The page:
Despite its namesake, Disco Elysium doesn’t feature much in the way of disco music. The score is pleasantly atmospheric, with many of its sounds mimicking the crashing of coastal waves or the mechanical grind of the nearby shipping depot. Certain locations are given more melodies to work with and though there is a concise number of tracks, they remain in the memory as a welcome reminder of the experience. The game’s signature horns are going to stay with me for quite some time, if nothing else. Rather than aiming for photorealism, Disco Elysium uses great art direction to be distinctive and often beautiful. Though characters may look merely serviceable, the environments and illustrations bring the game to life in much more convincing ways. Especially character portraits, which have a water-colored, modern art look not too often seen in video games.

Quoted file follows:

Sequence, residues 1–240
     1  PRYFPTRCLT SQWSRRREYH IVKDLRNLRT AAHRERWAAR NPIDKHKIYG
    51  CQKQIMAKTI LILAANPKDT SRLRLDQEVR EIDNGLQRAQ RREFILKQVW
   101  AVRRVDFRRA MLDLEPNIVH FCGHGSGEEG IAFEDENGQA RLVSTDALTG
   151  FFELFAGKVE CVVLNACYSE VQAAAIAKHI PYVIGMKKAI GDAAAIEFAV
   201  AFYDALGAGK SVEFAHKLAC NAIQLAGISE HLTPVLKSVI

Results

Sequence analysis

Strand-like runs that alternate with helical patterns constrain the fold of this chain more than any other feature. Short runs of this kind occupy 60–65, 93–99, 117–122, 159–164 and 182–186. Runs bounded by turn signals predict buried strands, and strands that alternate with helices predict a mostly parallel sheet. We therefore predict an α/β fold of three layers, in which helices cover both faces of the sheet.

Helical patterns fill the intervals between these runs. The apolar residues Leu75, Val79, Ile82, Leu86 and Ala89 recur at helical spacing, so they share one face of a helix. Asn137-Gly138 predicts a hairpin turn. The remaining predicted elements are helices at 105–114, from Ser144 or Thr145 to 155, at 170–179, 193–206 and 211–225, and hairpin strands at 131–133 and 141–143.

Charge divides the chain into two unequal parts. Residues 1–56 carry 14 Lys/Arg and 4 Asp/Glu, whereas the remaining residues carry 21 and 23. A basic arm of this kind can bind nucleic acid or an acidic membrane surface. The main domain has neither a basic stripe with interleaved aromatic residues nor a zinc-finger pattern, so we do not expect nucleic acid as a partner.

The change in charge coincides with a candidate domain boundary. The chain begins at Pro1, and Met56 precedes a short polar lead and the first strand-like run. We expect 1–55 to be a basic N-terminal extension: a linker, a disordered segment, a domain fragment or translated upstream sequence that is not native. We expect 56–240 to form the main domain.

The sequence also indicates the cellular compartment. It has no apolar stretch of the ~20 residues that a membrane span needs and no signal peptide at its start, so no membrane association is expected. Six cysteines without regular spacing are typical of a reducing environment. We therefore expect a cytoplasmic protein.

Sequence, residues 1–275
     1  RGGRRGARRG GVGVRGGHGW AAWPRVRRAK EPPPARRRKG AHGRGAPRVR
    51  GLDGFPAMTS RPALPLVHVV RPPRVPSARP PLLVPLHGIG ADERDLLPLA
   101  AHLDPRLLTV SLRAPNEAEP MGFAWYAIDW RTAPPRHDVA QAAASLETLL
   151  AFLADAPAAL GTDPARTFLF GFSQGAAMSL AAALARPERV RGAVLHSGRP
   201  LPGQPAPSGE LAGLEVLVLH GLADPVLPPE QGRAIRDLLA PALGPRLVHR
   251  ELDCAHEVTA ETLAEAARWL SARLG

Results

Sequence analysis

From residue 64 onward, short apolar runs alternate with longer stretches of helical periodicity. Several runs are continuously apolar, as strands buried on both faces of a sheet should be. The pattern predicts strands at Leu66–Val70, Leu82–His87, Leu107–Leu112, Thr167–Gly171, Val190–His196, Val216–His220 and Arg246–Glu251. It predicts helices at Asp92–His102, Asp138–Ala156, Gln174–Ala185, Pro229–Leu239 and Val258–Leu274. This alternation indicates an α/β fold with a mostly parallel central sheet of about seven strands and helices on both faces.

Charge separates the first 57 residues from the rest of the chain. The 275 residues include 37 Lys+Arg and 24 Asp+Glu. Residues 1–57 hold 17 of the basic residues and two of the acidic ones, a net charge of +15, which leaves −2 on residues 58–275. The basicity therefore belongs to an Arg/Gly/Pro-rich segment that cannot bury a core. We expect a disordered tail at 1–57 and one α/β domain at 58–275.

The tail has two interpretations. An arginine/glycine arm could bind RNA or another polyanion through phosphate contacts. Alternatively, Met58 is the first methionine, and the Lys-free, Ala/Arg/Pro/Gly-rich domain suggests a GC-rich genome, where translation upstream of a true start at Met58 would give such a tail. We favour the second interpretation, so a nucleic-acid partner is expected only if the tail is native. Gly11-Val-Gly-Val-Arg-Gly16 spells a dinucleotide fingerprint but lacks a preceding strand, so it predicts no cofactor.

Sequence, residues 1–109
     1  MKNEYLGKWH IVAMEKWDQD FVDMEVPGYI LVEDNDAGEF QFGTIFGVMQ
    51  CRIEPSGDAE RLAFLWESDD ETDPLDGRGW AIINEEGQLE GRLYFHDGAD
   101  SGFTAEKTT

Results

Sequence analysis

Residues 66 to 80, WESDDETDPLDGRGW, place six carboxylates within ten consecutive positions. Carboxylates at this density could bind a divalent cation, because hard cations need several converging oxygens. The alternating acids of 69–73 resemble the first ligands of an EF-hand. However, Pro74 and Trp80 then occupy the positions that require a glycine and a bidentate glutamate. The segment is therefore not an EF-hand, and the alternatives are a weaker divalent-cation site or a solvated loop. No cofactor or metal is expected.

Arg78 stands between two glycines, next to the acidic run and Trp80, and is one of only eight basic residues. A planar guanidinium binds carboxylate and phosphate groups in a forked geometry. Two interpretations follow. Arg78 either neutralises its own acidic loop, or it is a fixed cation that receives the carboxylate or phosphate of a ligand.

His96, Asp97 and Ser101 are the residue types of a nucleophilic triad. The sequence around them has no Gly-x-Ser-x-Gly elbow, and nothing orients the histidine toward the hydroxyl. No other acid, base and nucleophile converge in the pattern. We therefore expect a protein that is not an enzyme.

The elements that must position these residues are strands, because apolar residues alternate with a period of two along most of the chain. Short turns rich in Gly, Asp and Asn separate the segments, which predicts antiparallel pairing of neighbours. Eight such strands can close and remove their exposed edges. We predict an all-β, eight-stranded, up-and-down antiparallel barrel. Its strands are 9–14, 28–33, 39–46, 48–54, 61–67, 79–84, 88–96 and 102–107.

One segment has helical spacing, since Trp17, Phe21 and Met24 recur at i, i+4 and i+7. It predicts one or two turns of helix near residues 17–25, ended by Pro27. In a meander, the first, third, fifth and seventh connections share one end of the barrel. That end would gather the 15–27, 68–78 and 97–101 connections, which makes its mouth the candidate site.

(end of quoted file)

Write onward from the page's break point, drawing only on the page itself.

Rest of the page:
I was blindsided by how much I enjoyed Disco Elysium. Developer ZA/UM succeeded in making a game where progress isn’t tied to the defeat of, say, four hundred rats in a sewer, but to thoughtfully engaging with the world and characters it has to offer. It presents a reactive and messy world, occupied by people with needs, desires, and prejudices rather than NPCs with repetitive sage advice. There is a certain emptiness to the game, a sense that despite all efforts there is no fixing the underlying problems that plague the inhabitants of Revachol. The poor are still poor, union leaders fight for better pay, scabs take their jobs, and the rich businessman on top takes advantage of all of them. But dig deep enough and you’ll find some hope there, too.
Disclosure: This review is based on a free copy of the game provided by the publisher.
Some of the best writing in an RPG in quite some time
Interesting and unique skill suite
Simple, yet effective, conflict resolution
Excessively bleak at times